Last week I went to Las Vegas for MongoDB’s sales kickoff. The night before I left, Sunday, I came down with a decently high fever. I got a bit nervous, as it came on strong and fast, but I took some Advil, went to bed, and the next morning felt ok to get on a plane. That whole Monday was pretty good with the help of some more Advil. On Tuesday morning the Advil was giving ground, on Tuesday evening it was in full retreat, and Wednesday at 5am I found a helpful MongoDB employee in the hotel to take me to the ER.

Apparently, while in the Dominican Republic for a family vacation, a.k.a playing with my kids in the water, I was bitten by a mosquito carrying Dengue fever. So I have now officially crossed “Get a tropical disease” off of my bucket list. I’m very excited about that.

I have two take-aways from this experience:

First, I don’t recommend getting Dengue fever. It’s not pleasant. Use a lot of bug spray, really.

Second, if you do have to get Dengue fever, make sure when you get really sick, and are given a fair amount of morphine, that a) you do not write any code, and b) you be administered said morphine in the presence of co-workers, who then have blackmail material for life.

I’m still a bit under the weather, but at least I’m not contagious.

Seriously, though, don’t get Dengue fever.

MongoDB 3.0: Seizing Opportunities

MongoDB 3.0 has landed.

The development cycle for 3.0 has been the most eventful of my entire career. As originally planned, it would have been great, but still incremental in nature. Instead, we wound up acquiring our first company, integrating their next-gen storage engine, and by capitalizing on that unlooked-for opportunity, delivering a release so beyond its original conception that we revved its version number.

Renaming a release in-flight is out of the ordinary, so I wrote about our reasoning when we announced the change. We had originally planned to deliver document-level locking built into MMAPv1, and a storage engine API as an investment in the future, not part of a fully developed integration. That would have been our incremental improvement, in line with our storage engine efforts throughout the 2.x release series. We had already added database-level locking, iterated over many improvements to yielding and scheduling behavior, and refactored a ton of code to decouple components.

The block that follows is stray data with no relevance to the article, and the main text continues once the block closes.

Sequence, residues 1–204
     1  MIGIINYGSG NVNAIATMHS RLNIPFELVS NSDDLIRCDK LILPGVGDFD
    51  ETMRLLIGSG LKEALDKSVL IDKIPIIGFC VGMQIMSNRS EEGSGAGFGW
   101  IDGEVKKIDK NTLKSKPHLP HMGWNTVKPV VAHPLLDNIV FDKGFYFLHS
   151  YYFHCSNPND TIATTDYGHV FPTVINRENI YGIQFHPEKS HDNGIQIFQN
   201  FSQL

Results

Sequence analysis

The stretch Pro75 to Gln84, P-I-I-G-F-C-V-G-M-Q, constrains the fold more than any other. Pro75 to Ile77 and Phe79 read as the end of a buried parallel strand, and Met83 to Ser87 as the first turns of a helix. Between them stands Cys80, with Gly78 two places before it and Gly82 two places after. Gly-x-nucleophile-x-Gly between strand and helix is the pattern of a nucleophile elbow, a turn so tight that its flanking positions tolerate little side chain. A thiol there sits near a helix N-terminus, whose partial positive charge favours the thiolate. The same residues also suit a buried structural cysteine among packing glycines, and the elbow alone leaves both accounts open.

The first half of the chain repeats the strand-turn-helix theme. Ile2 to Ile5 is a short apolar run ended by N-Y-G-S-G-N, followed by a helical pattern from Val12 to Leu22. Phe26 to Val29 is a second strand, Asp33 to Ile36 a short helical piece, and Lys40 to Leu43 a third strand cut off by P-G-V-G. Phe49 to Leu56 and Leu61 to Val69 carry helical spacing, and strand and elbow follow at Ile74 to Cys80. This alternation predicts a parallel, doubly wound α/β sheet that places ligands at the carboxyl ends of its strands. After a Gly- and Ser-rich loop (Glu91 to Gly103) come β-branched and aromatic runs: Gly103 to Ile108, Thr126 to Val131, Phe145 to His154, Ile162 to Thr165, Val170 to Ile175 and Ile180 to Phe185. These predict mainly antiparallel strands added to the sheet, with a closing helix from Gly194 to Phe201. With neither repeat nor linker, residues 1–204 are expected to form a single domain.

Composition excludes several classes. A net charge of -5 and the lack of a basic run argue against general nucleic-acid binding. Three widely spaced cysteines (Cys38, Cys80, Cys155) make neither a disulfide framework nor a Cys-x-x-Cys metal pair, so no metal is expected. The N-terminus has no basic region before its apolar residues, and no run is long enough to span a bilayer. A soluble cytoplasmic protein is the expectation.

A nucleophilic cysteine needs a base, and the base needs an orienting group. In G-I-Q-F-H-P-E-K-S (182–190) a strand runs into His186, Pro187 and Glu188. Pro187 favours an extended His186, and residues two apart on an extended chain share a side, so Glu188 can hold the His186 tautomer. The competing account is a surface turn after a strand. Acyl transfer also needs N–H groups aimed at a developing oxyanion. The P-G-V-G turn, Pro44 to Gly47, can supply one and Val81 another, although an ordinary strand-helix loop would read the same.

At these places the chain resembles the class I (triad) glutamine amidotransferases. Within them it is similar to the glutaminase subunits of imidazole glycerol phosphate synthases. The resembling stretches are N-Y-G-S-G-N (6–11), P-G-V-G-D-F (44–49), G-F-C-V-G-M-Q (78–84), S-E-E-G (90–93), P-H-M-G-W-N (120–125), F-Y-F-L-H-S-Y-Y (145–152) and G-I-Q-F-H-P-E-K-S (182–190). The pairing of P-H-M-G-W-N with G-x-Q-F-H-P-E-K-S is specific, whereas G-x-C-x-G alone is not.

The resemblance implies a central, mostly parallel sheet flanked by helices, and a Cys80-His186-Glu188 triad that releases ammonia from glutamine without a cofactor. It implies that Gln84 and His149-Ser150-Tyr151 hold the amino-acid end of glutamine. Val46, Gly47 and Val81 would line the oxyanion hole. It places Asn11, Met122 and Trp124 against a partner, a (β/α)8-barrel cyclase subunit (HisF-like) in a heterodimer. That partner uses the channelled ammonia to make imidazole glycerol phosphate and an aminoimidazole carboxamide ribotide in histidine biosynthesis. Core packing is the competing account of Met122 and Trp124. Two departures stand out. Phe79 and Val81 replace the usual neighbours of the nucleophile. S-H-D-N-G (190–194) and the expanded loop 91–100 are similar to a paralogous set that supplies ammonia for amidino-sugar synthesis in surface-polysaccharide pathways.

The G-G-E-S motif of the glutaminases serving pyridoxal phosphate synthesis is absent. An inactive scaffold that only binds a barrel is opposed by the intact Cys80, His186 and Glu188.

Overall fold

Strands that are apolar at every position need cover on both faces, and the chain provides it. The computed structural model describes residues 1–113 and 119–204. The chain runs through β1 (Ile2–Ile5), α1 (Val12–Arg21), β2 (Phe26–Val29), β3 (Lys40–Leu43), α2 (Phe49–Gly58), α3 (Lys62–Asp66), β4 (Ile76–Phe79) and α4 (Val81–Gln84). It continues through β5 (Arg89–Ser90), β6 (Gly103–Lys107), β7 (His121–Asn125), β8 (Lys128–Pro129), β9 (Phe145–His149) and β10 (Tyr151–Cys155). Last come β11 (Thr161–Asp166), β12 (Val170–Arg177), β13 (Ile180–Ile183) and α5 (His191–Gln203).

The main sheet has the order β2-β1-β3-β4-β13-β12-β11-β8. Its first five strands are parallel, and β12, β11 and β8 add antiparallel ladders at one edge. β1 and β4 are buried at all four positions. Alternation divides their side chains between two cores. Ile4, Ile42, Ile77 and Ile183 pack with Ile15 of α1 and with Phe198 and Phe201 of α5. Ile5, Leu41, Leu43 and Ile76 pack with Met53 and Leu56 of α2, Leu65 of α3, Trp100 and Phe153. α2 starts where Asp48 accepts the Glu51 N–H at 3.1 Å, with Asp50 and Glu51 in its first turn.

At the outset of this development cycle we did several things in parallel. We carved out the code layers to support our storage engine API, started building collection-level locking into MMAPv1, and started designing document-level locking. At the same time, we worked with storage engine builders to put our API through its paces. By the summer of 2014, we had a MMAPv1 prototype for document-level locking, which we demonstrated at MongoDB World. While this was not going to make our use of disks more efficient or solve other MMAPv1 problems, it was nonetheless a huge improvement, and exactly what we were aiming for.

Then the WiredTiger team called us and demonstrated a working integration with MongoDB’s storage engine API. Before long, we realized we had before us an opportunity to shoot the moon. We would have to scale back our plans for MMAPv1 to just collection-level locking, but by doing so, we could completely leapfrog our roadmap and supercharge our team. By delivering MongoDB with WiredTiger, we could offer our users everything we had promised, along with performance MMAPv1 will never match, and features it would take years more to build in. After all, WiredTiger was developed with laser focus on the raw fundamentals of data storage in a modern environment, allowing it to support massive concurrency and other great features like compression.

For all its magnificence, WiredTiger is not yet the default storage engine. We have every confidence in its ability– it is a shipping product in its own right, and has proven its mettle to customers with the most demanding production environments, such as Amazon. We are using it ourselves in production to back MMS. However, the use cases for MongoDB are so broad and varied, we need to gather a wide range of feedback. With that data, we’ll be able to optimize and tune the integration and provide robust guidance on the role of specific metrics in capacity planning, leading to better, more predictive monitoring, and a healthy collection of best practices.

The acquisition of WiredTiger marks an important transition for me as well. Storage engines are incredibly interesting components of a database, but as much as I might like to dig further into them, our goal to make MongoDB the go-to database requires me to be more pragmatic. With a team of world-renowned experts available, that know more about (for example) how to implement MVCC than I ever will, it makes sense to leave storage engines in their capable hands so I can focus on other areas.

MongoDB 3.0 is a great release. I am very proud of the massive team effort that produced it. We will not be resting on our laurels though. There is still a long list of features and improvements our users need to be successful, and with MongoDB 3.0, we expect MongoDB to be used in even more demanding and mission critical projects. Many of those projects will surprise us, and these surprises will create new demands. We are excited to get started on these challenges, further optimizing MongoDB, and extending its capabilities so the pioneers can continue to surprise us.

LiveScribe vs. Phone Camera Update: The NOOP Edition

In my first post on this topic, I said I’d post an update in a week or so. Ok, so that was about 7 weeks ago.

I abandoned the trial of both of these techniques because 2.8.0 is, frankly, more important than my experiments in productivity. I’m going to get back to it, but this is actually an opportunity to say something important about getting derailed from productivity projects by urgent items.

This happens to all of us from time to time when the pressure mounts, and that’s a good thing. The key is to keep your head, focus on the most urgent thing while it’s urgent, and remember to revisit those productivity projects. They are important in the long run, or you wouldn’t want to start on them in the first place. If you find yourself constantly saying “I had to drop that, I got too busy”, it’s time to re-evaluate.